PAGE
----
Sareb and housing | Economy

Sareb stand at the SIMA fair in Madrid.
Sareb stand at the SIMA fair in Madrid. Manuel Casamayon

As we assimilate the cost that Sareb or the bad bank is implying for taxpayers (increase in public debt and deficit by 35,000 and 14,000 million euros, respectively), more explanations about what happened are necessary. It must be remembered that official forecasts estimated an annual profit of 14% in this company.

Sareb was created in 2012 in accordance with the Memorandum of Understanding (MoU) agreed between the PP Government and the European authorities. The objective was to acquire the mostly doubtful real estate assets (goods and loans) in order to clean up the financial entities that had required public aid. One of the keys to explaining this ruin is knowing how these operations were carried out. Aristóbulo de Juan, former director general of the Bank of Spain, explained in Congress that “in the rush, which was not the fault of Sareb, there were 15% or 20% of assets that were bought, but they were not identified and even that were not documented, a year and a half or two later, they could not be sold”.

Many experts agree that purchase prices were inflated to relieve struggling banks. A good connoisseur of the case emphasizes that another problem was that loans without collateral were accepted, unlike the bad Irish bank NAMA. The reality is that the NAMA, established in 2009, has been a success. It expects to obtain profits of 1,000 million euros in 2021, which will rise to 4,250 million in 2025, when it is scheduled to end its operations.

The losses recognized by Sareb between 2013 and 2021 amount to 6,701 million euros. Most of them (3,512 million euros) correspond to the cost of nine Interest Rate Swaps (IRS) in the summer of 2013 for 42,221 million euros (the largest in Europe, as De Juan recalled) to cover 80% of the debt “before a possible rise in rates”. It was an expensive mistake. The three-month Euribor rates had been in a sustained fall since October 2011 (1.59%) and continued to fall until reaching negative rates in May 2015 and where they still continue.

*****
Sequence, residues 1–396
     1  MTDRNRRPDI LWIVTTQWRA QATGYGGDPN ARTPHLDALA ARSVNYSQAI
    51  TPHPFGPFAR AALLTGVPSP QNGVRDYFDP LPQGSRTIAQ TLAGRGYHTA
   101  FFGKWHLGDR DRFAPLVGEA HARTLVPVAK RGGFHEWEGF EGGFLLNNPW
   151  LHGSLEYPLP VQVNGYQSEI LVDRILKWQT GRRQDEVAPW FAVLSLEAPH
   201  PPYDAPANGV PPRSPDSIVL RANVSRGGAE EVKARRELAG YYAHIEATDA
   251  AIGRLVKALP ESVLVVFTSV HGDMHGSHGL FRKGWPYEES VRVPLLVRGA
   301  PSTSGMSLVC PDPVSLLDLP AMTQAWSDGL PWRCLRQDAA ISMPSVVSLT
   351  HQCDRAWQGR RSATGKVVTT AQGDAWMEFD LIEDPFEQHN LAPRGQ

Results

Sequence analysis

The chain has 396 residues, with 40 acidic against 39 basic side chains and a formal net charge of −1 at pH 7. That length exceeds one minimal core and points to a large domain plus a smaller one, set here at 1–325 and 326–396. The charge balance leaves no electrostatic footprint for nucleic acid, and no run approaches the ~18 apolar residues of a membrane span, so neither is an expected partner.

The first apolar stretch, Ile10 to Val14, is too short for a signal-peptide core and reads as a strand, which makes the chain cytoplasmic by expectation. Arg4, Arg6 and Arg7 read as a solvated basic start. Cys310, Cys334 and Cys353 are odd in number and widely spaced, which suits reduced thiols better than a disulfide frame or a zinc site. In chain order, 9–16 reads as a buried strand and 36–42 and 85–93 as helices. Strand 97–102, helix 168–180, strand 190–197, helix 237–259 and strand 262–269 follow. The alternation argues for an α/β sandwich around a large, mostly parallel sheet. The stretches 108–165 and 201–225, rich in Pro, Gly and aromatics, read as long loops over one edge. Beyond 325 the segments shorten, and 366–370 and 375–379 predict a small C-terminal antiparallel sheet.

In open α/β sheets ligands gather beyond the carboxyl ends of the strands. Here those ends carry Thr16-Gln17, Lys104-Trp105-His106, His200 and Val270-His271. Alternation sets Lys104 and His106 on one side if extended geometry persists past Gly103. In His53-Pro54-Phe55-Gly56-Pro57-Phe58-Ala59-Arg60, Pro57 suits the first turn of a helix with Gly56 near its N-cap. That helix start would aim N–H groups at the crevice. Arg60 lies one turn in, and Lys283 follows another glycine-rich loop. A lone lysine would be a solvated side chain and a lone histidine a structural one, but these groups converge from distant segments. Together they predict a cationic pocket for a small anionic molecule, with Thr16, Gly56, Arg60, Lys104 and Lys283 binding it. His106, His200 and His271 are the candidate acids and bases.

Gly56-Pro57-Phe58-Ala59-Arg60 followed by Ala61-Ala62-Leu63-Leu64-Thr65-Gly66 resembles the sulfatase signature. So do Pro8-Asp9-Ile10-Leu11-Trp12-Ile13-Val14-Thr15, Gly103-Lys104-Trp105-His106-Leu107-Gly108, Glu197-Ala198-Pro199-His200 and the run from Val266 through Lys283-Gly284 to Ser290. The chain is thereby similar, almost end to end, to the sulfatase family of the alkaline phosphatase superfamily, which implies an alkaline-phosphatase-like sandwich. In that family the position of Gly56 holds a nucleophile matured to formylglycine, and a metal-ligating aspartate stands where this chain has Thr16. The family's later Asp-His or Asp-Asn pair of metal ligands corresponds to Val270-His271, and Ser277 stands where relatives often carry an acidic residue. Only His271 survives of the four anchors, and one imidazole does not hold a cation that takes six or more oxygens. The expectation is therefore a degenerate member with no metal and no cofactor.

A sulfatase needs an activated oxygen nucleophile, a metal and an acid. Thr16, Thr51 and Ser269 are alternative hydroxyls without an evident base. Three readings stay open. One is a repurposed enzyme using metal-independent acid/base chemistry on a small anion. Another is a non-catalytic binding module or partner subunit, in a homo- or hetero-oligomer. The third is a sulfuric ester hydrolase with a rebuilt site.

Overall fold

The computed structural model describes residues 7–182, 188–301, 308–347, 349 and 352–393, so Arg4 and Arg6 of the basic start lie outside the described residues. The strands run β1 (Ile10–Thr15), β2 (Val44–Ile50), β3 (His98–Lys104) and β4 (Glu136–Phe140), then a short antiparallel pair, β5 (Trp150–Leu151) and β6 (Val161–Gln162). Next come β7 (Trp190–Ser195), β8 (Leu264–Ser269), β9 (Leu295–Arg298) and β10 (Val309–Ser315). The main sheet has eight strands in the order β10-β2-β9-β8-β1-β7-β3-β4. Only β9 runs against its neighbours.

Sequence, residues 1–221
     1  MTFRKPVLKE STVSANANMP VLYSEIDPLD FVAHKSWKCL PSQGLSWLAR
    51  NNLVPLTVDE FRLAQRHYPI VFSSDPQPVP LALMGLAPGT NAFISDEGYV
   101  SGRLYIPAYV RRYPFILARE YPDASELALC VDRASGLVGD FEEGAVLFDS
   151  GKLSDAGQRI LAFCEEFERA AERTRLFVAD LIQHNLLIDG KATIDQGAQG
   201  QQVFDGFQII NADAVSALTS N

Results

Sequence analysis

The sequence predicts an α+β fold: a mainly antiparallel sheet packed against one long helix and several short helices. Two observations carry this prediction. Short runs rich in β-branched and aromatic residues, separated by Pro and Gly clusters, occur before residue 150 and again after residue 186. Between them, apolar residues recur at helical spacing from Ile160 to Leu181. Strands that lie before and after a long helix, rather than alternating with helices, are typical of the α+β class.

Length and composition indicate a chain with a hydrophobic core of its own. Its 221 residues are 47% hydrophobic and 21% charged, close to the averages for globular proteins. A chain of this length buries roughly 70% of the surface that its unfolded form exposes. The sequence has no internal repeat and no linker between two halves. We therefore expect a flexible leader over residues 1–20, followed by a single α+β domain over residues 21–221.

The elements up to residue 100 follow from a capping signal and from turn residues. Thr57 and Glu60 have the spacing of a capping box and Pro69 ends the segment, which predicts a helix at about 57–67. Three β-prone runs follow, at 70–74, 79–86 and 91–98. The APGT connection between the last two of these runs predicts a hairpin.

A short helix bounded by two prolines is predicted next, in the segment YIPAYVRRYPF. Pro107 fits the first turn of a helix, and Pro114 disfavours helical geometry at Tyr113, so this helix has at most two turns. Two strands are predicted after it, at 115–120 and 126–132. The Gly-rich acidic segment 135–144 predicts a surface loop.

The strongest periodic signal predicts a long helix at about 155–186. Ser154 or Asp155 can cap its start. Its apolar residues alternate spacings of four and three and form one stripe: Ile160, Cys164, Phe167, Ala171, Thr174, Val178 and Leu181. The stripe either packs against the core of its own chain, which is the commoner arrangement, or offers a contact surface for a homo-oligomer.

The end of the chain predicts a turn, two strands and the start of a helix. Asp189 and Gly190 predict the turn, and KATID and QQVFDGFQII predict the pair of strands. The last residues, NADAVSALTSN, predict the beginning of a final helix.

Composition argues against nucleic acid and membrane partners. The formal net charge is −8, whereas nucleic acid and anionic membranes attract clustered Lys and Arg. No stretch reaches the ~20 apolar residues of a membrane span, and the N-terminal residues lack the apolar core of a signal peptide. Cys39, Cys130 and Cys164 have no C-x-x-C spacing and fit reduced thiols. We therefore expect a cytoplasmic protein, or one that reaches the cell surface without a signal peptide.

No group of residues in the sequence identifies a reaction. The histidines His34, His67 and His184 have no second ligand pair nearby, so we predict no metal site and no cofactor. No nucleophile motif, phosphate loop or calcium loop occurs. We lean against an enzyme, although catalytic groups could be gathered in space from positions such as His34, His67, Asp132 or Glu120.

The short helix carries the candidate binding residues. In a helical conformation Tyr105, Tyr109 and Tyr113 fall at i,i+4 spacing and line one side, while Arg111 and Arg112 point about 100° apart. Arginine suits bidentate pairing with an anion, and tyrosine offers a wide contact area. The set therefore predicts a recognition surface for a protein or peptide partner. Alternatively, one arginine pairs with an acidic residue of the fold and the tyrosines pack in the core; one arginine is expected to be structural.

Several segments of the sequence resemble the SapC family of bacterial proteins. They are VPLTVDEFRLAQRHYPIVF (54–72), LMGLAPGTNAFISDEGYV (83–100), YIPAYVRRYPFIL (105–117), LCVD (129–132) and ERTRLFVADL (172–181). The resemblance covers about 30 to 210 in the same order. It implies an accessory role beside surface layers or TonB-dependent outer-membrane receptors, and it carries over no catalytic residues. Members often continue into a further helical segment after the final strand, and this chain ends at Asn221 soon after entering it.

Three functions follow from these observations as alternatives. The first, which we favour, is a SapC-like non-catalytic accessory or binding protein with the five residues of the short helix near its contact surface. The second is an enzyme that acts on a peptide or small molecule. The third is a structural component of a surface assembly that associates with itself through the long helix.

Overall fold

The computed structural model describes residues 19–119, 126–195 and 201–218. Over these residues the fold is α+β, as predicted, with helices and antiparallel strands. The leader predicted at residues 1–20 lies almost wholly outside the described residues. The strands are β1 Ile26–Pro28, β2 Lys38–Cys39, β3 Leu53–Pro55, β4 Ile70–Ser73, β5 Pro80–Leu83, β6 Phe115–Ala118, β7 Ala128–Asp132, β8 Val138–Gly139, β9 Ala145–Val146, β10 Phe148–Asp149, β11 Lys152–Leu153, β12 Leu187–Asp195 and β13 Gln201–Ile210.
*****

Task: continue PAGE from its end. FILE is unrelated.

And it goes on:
Sareb’s 2015 report provides valuable information. It indicates that the part of the risk not covered by the IRS (20% of the debt) “allowed Sareb to enjoy a substantial reduction in the company’s financial cost”. Savings in 2014 were 438 million euros. This means that, without the IRS, taxpayers would have saved more than 2,000 million euros a year at least. IRS operations work like a gamble. What some lose, others gain. In this case, the beneficiaries were mainly Santander and CaixaBank.

Important figures. The State budget for housing in the last decade was 9,117 million euros. Sareb has significant property assets that it has not been able to manage. The Barcelona City Council, the governments of Catalonia and Valencia and other administrations demand thousands of empty homes from society that they would know how to use to cover clamorous social needs. It is never too late to rectify.

He knows in depth all the sides of the coin.


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